Is it Safe to Travel to Hawaii in the Coming Months? What Travelers Need to Know
It has been a year of dramatic news stories, but few can top the volcanic eruptions that continue to devastate portions of Hawaii’s Big Island. In just the last few weeks, entire communities have been forced to evacuate due to fissures belching lava, a flow that has destroyed some 40 structures at last count.
Needless to say, now is not the time to head to the affected areas in the southeast of the Big Island, specifically Pahoa Town, Puna, and Volcanoes National Park (which is now temporarily closed to visitors). But what about other parts of the Big Island and of the rest of Hawaii?
Many officials are urging people to continue traveling there. On May 14, Leslie Gordon, spokesperson for the U.S. Geological Survey, told the Los Angeles Times, “The hazard is pretty localized just to Kilauea Volcano. Not to the rest of the island and certainly not to the rest of the state.”
Her statement is backed up by another one just released by Hawaiian Governor David Ige: “We have heard from people around the world concerned about Hawaii’s welfare and want to reassure everyone that this is limited to a remote region on the slopes of Kilauea volcano. Everywhere else in the Hawaiian Islands is not affected.”
But when a situation is as volatile as this one, some caution is advised. What are the issues connected to volcanic eruptions and how should visitors, and would-be visitors, react?
Vog: Volcanic smog, known as vog, is the hazard most likely to affect visitors. Made up primarily of water vapors, sulfur dioxide gas, and oxygen, it can be lethal when inhaled in high concentrations, and in lower amounts it can cause coughing and make breathing difficult, especially for asthma sufferers and those with other respiratory ailments. At this point, the highest density of vog is on the Big Island’s south side. The Big Island’s resort communities of Kona and Waimea are roughly 100 miles away from the lava flow and so they have experienced minimal air quality issues. Some vog, however, has blown out to sea and has been reported as far away as Oahu, though not in dangerous amounts. The Environmental Protection Agency tracks air conditions at https://airnow.gov. It is currently listing the air quality throughout the islands as “good,” with the exception of the southwest corner of the Big Island, the area of the eruptions.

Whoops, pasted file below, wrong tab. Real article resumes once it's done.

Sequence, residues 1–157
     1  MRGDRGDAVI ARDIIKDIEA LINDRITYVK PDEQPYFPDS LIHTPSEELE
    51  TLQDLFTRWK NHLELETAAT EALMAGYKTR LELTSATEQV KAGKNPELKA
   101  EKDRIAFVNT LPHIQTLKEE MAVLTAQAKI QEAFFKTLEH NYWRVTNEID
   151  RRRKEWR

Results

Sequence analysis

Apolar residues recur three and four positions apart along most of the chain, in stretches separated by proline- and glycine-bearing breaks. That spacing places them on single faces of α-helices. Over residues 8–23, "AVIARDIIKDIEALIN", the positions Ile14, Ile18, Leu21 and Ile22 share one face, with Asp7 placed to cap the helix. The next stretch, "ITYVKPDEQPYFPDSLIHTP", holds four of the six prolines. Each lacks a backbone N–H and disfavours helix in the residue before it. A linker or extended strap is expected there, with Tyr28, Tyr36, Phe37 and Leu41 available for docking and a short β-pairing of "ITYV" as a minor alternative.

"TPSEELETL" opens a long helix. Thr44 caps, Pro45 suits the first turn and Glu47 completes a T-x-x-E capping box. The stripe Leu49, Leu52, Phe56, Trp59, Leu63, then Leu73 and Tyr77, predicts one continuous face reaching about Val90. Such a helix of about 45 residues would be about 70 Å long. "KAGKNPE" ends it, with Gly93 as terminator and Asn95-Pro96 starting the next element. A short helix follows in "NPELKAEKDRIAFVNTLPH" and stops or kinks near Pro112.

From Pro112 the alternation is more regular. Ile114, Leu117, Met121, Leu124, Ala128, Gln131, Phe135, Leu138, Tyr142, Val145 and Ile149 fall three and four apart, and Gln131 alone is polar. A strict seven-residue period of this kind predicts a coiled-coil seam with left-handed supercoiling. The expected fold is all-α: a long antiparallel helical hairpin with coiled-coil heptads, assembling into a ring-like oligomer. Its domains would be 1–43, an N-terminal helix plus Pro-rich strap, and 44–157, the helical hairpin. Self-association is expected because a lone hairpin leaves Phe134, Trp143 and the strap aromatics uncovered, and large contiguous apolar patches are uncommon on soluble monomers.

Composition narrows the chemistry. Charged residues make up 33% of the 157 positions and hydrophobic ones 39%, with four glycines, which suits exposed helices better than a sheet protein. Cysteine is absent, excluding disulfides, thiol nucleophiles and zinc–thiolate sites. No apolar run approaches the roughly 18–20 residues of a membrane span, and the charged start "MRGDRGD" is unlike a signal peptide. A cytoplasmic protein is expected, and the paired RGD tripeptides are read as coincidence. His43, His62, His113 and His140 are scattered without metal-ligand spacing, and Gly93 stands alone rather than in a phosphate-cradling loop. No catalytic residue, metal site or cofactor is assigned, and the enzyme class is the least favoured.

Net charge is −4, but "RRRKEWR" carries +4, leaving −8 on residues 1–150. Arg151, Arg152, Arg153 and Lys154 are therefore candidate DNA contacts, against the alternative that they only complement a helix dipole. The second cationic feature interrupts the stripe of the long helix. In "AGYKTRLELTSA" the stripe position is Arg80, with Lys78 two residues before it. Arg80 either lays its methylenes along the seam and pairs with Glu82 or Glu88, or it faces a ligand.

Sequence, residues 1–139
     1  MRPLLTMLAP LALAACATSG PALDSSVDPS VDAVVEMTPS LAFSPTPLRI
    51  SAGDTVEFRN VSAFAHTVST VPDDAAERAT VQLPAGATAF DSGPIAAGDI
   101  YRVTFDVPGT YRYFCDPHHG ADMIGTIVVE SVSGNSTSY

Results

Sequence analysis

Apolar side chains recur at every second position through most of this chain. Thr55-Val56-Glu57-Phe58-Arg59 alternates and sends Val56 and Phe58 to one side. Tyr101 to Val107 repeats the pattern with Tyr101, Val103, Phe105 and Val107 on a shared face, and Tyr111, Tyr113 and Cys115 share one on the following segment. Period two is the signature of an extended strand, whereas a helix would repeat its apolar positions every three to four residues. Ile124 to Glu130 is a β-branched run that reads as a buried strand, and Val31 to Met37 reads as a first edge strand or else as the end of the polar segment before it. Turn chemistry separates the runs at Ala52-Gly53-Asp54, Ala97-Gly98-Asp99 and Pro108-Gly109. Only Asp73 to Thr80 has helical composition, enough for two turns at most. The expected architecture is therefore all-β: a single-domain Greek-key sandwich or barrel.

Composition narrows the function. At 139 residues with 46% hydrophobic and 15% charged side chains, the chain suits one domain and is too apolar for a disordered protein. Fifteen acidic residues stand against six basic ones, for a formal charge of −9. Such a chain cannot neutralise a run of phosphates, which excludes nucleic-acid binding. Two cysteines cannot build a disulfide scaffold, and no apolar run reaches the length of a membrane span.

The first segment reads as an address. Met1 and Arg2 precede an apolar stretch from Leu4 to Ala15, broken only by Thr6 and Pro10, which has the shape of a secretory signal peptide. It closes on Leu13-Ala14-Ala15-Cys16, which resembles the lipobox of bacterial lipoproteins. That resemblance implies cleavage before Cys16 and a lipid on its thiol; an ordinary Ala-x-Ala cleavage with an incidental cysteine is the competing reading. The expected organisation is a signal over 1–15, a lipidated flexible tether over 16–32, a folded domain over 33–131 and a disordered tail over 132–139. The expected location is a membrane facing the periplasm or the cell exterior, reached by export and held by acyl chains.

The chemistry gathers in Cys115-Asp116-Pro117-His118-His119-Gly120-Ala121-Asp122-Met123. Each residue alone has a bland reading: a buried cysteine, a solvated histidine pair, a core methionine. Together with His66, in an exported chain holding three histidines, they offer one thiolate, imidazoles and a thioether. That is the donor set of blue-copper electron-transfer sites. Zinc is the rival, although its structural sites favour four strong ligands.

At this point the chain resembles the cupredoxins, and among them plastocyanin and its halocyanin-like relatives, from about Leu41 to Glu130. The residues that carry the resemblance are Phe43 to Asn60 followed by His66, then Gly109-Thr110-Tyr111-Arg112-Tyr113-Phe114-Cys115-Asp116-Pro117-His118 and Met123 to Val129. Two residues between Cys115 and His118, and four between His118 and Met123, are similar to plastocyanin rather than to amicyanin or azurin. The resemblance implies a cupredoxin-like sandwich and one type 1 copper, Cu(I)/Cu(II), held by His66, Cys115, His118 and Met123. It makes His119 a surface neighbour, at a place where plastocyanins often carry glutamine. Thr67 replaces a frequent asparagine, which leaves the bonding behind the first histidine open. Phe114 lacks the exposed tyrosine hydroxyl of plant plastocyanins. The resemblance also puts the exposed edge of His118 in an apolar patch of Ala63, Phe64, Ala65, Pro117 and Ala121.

Earthquakes: The Big Island experienced a 6.9 earthquake on May 4, its largest in more than 40 years. The shocks were so strong that they could be felt—mildly—throughout the archipelago. The island did not sustain major damage from this quake, nor from the other smaller quakes it has been experiencing. It's highly unlikely that a quake on the Big Island would cause mayhem on the other islands; they’re simply too spread out (Oahu is more than 200 miles away from the Big Island).
Air travel disruptions: As you may remember from 2010, when ash from an Icelandic eruption grounded flights across Europe for weeks, eruptions can be problematic for air travel. At this stage, the plume has not interfered with flights, nor have any airlines issued advisories about the situation. And interestingly, the major insurance companies seem to be betting that only the Big Island will be affected in the coming months. Dan Durazo, spokesperson for Allianz Travel Insurance, says, "At this time, we do not consider travel disruptions to other islands in Hawaii to be foreseeable, so travelers with trips planned to the other islands may be covered [by travel insurance] for unforeseen events that may impact their travel. As the situation in Hawaii is changing rapidly, this advice is subject to change." (Update May 17: The volcano is now emitting a steady and thick cloud of ash, but at this point air travel remains unaffected. We'll continue to monitor the situation here.)
Laze: On Sunday, May 20th a massive stream of lava hit the ocean creating this other hazard. Laze is the steam cloud that occurs when lava hits the ocean, and it can be nasty, carrying in it volcanic glass particles and hydrochloric acid. It can cause irritation to the eyes and lungs, and, in the worst cases, death. Because of that, the coast guard is closing off the ocean for 300 meters from the entry point out into open ocean. Because of trade winds, Laze is only affecting the area in the direct vicinity of the lava's entrance into the ocean, at this point.
These worries, and others, are convincing some travelers to nix plans for Hawaiian travel in the coming months. According to Ross Birch, Executive Director of the Big Island Tourist Board, cancellations for travel between May and July have led to losses of at least $5 million so far. Other parts of the state also report a slowdown of bookings for the coming months.
For those who like to make lemonade, now could be a wonderful time to find a deal to this island paradise. Recently, Alaska Airlines had a sale on flights between Seattle and Hilo, offering less than $300 round-trip. That sale is now over, but my guess is that it will be the first of many.
And it certainly will be less expensive to travel in the near future than it will once the volcano calms, Volcanoes National Park reopens, and the crowds stream in to see what the eruptions have wrought.